A Western official in Baghdad said the Iraqi government is doing all it can to fight inflation.
"They're basically meeting their targets," said the official, who requested anonymity. "I think this is actually a good thing for Iraqi consumers."
Most Iraqis receive oil and food subsidies but struggle to pay for cars, computers and other items, said Laith al Abadi, 30, a computer engineer who was exchanging dollars for dinars at the Beirut Exchange Co. last week. Abadi said he imports PCs on the black market to avoid taxes and keep his prices low — $300 to $1,400 for a basic model.
"If something changes, if the market is OK, then I pay taxes," he said.
Investors were more upbeat last week at the stock exchange, where 93 stocks appeared on whiteboards. In a stucco building behind an armed checkpoint and concrete barriers, men fingered prayer beads as they waited for the exchange to open. Some said they are more confident that the central bank can curb inflation as the dinar's value rises.
"It's a sign of stability because you are going to have capital that has fled the country coming back," said Saad Lutfi, 64, a trader who mostly invests in the banking sector, which he said is picking up. "But it's a long-term thing."
Alhajji, the Ohio economist, said Iraqis were following the bank's lead, exchanging dollars for dinars.
"People historically, since the days of Saddam Hussein, saved their money in non-Iraqi currency. Since the U.S. came, it was the U.S. dollar, especially since the military was paying in dollars," he said. Now people believe the economy is improving and will keep buying dinars, he added.
Even with prices rising, U.S. soldiers in the streets and bombs in the markets?
"Sometimes high inflation is a sign that the economy is picking up," Alhajji said. "In Dubai, inflation is rampant, but it is one of the most prosperous places in the world."
But Iraq is no United Arab Emirates. The Dubai skyline is dotted with construction cranes, while Baghdad's high-rises are pocked by mortar rounds. Iraq emerged from Hussein's rule with $125 billion in international debt, pared down to $76 billion, and trade ties weighted heavily in favor of foreign countries, chiefly the U.S.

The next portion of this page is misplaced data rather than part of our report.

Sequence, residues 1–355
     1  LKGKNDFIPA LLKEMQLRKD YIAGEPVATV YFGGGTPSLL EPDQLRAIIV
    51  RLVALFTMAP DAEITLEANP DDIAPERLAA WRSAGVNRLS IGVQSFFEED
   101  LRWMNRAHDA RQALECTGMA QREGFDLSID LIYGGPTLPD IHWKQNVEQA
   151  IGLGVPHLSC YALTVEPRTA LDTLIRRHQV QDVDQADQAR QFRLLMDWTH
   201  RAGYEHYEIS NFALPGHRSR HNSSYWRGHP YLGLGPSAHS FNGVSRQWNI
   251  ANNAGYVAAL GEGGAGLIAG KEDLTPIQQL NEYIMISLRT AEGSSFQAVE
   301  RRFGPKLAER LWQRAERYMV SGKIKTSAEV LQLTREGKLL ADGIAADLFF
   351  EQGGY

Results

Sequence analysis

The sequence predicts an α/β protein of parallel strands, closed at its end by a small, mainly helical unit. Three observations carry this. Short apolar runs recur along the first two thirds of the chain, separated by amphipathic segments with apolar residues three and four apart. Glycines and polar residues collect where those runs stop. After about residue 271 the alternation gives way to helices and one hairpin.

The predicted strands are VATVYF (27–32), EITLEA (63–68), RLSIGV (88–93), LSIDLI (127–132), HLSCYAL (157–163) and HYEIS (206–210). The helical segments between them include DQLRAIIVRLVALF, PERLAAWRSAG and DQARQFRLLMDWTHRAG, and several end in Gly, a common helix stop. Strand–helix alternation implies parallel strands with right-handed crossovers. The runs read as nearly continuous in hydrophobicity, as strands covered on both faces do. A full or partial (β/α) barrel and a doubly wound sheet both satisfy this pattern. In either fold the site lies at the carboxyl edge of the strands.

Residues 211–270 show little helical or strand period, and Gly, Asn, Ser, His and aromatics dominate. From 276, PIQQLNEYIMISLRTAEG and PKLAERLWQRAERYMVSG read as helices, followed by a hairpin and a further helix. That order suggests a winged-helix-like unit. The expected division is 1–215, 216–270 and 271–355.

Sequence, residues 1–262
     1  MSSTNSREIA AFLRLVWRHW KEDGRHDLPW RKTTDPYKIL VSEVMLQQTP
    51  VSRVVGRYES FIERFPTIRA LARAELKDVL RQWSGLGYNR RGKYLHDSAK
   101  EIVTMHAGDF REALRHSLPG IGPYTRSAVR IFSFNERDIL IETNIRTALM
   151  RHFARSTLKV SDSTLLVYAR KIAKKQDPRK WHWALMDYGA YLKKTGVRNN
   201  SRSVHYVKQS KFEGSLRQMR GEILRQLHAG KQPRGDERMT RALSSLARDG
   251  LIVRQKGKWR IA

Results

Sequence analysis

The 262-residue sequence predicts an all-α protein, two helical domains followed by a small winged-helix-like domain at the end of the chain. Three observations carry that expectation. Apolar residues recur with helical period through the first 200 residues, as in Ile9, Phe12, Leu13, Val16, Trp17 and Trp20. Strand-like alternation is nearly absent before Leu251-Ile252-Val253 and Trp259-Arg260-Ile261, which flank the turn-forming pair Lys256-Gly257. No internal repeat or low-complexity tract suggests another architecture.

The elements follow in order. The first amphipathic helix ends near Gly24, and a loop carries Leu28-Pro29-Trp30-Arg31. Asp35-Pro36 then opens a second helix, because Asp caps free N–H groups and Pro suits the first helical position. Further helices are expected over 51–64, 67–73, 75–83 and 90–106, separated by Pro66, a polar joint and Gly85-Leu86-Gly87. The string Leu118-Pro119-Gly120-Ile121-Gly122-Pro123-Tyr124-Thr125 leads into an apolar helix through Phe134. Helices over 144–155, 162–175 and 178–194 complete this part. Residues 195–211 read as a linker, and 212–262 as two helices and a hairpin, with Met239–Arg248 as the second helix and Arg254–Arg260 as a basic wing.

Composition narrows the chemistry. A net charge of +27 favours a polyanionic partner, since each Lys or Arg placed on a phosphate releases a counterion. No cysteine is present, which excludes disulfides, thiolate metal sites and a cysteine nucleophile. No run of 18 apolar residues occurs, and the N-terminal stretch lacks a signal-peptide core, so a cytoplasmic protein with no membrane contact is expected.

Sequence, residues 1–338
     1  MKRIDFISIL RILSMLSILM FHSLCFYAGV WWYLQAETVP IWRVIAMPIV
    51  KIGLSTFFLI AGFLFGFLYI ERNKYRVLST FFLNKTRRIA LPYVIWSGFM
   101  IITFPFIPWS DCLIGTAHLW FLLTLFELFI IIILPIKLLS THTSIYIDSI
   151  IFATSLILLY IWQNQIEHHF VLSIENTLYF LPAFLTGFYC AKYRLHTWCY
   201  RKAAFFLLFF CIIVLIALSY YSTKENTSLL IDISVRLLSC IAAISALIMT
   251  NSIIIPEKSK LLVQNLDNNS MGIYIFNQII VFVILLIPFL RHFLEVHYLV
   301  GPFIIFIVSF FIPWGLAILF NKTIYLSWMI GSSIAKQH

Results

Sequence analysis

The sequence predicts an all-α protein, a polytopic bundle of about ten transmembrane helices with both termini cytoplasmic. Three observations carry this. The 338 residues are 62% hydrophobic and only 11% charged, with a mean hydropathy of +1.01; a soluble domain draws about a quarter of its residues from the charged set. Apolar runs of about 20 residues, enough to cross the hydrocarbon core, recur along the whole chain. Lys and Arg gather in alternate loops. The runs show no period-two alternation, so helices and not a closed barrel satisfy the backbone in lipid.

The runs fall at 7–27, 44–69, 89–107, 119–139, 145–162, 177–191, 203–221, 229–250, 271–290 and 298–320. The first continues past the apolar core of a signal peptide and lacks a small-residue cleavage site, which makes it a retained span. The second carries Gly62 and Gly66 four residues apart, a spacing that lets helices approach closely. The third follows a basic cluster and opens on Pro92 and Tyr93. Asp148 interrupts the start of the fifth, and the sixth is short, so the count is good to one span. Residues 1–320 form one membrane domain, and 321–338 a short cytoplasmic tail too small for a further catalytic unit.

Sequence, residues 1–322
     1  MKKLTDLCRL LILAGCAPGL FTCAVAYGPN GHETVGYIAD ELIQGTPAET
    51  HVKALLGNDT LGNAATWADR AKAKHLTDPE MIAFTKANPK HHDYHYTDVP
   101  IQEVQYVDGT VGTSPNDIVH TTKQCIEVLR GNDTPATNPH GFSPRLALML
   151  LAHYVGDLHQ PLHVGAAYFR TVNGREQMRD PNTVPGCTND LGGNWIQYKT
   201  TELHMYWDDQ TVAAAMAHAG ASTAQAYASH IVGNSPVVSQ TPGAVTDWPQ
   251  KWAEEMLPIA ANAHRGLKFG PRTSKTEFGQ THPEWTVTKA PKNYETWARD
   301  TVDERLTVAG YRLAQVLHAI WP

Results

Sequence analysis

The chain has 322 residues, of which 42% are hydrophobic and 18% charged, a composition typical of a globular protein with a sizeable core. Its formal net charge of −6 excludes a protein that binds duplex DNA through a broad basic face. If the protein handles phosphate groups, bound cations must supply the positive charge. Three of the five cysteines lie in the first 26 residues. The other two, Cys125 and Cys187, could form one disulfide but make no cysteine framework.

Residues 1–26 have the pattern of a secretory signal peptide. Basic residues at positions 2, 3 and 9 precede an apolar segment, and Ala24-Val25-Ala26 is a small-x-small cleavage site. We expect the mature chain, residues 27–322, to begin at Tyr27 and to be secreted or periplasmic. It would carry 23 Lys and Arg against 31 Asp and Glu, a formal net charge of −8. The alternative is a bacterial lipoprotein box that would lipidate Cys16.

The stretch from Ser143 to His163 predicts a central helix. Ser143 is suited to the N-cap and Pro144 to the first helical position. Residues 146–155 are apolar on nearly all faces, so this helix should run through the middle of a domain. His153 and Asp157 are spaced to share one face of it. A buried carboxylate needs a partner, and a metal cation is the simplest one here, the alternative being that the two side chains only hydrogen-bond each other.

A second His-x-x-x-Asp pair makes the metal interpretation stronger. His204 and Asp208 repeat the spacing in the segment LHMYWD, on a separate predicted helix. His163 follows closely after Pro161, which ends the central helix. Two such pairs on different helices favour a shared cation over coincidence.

Add to that the complications of post-colonial currency shifts.
After World War I, when Iraq fell under British rule, the official currency was the Indian rupee, with rates set by the empire. Once Iraq gained independence in 1932, leaders created a national currency board to set exchange rates for the dinar but not shape monetary policy.
Under Hussein, the exchange rate fell from $3.30 per dinar to a low of 3,000 dinars per dollar in 1995 as the government, bedeviled by international embargoes, massively printed old dinar notes, including those emblazoned with the dictator's likeness.
The new central bank was created with U.S. and British oversight in part to help stabilize the dinar. Some say the currency's rise amid the sectarian war is the result of the bank's dysfunctional money management.
"Given their history with money in Iraq, they should never have had a central bank," said professor Steve H. Hanke, co-director of the Institute for Applied Economics and the Study of Business Enterprise at Johns Hopkins University in Baltimore.
He said Iraq should replace the central bank with the currency board it had before or adopt a foreign currency. Ecuador, El Salvador and East Timor have adopted the dollar, he noted, while Montenegro and Kosovo use the euro.
Hanke called the dinar's rise "both very dangerous and the worst of all possible worlds" because it is not curbing inflation.
"This is a major train wreck waiting to happen," he said.
The head of the Iraq Stock Exchange, Taha A. Salam, said the dinar will inevitably decline in value. When it does, he said, "you will have more problems in the streets" as Iraqis' buying power wanes.
Shemry, the exchange dealer, advises clients like Mudhaffar Jenari, an employee at the Ministry of Oil, to keep their dollars as insurance against further unrest. Just a few months ago, a car bomb exploded up the street, wounding the owner of another foreign exchange shop and killing an employee. After the blast, thieves stole $40,000.
"Everything depends on the security situation," Shemry said.
This is true for the dinar as with everything else. "One thing goes badly, and we lose everything."